Developmental Dysplasia of the Hip (Hip Dysplasia) - Diagnosis & Treatment

How is hip dysplasia diagnosed?

Your doctor will screen for developmental dysplasia of the hip (DDH) when you bring your child in for his or her regular health checks. Your doctor will gently manoeuvre your child’s hip and legs into a variety of positions to see whether the hip joint fits together well.

Mild cases of DDH can be difficult to diagnose. You may not notice any problems until you are a young adult. If your doctor suspects DDH, he or she might recommend imaging tests, such as X-rays or magnetic resonance imaging (MRI) for you.

How is hip dysplasia treated?

Your doctor will treat hip dysplasia depending on:

  • The age of the affected person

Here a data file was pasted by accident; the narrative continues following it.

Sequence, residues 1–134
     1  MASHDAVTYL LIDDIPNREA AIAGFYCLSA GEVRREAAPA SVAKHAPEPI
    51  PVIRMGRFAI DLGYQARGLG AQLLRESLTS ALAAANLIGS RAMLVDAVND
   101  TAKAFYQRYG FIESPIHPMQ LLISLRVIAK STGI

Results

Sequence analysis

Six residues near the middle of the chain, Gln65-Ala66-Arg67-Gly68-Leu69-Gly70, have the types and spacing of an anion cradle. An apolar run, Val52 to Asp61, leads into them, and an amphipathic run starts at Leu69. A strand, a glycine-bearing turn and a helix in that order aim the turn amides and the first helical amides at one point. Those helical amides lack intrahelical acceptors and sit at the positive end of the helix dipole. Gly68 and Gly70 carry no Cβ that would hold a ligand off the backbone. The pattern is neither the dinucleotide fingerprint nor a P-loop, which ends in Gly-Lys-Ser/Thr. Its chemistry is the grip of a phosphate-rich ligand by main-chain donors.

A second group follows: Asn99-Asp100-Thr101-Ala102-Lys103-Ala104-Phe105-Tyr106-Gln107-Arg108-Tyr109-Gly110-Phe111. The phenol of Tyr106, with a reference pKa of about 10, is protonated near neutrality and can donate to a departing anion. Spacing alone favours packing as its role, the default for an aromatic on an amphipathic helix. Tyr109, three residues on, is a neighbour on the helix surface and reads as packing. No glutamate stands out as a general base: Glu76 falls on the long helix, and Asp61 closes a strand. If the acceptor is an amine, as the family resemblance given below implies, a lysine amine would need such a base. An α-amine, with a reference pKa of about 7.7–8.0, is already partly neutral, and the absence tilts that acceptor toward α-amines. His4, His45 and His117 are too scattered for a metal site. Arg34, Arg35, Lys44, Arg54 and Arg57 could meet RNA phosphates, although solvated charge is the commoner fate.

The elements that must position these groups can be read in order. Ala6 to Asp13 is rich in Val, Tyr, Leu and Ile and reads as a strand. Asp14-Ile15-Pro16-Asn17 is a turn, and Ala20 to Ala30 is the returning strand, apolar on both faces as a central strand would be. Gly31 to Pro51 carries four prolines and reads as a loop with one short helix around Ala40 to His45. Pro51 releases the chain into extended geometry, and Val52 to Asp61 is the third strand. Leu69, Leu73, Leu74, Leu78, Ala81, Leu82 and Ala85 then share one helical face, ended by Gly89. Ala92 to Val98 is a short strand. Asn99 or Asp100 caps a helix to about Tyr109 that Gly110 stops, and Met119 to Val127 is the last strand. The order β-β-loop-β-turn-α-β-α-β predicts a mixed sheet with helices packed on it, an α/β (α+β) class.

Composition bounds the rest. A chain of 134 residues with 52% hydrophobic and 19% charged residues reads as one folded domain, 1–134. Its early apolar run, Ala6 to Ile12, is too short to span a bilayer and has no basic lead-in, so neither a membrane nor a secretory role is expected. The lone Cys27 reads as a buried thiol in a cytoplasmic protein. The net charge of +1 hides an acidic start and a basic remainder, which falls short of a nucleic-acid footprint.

• The extent of the hip damage


If your baby is younger than 6 months, your doctor may use a soft brace, such as a Pavlik harness, to hold the ball portion of the joint firmly in its socket for several months. This helps to mould the socket to the shape of the ball.

Babies older than 6 months

Your doctor may move the bones into the proper position and hold them there for several months with a full-body cast. Sometimes, surgery may be needed to fit the joint together properly.


Treatment includes the following:

  • For borderline hip dysplasia with labral tear, treatment is arthroscopic hip surgery.
  • For severe hip dysplasia, a hip osteotomy is performed, where an orthopaedic surgeon reorientates the acetabulum and/or the femur to allow more normal acetabular coverage of the femoral head. In adults, the most common of this is a periacetabular osteotomy.
  • For dysplasia with secondary hip osteoarthritis (severe damage to the hip joint cartilage), a total hip replacement is performed.
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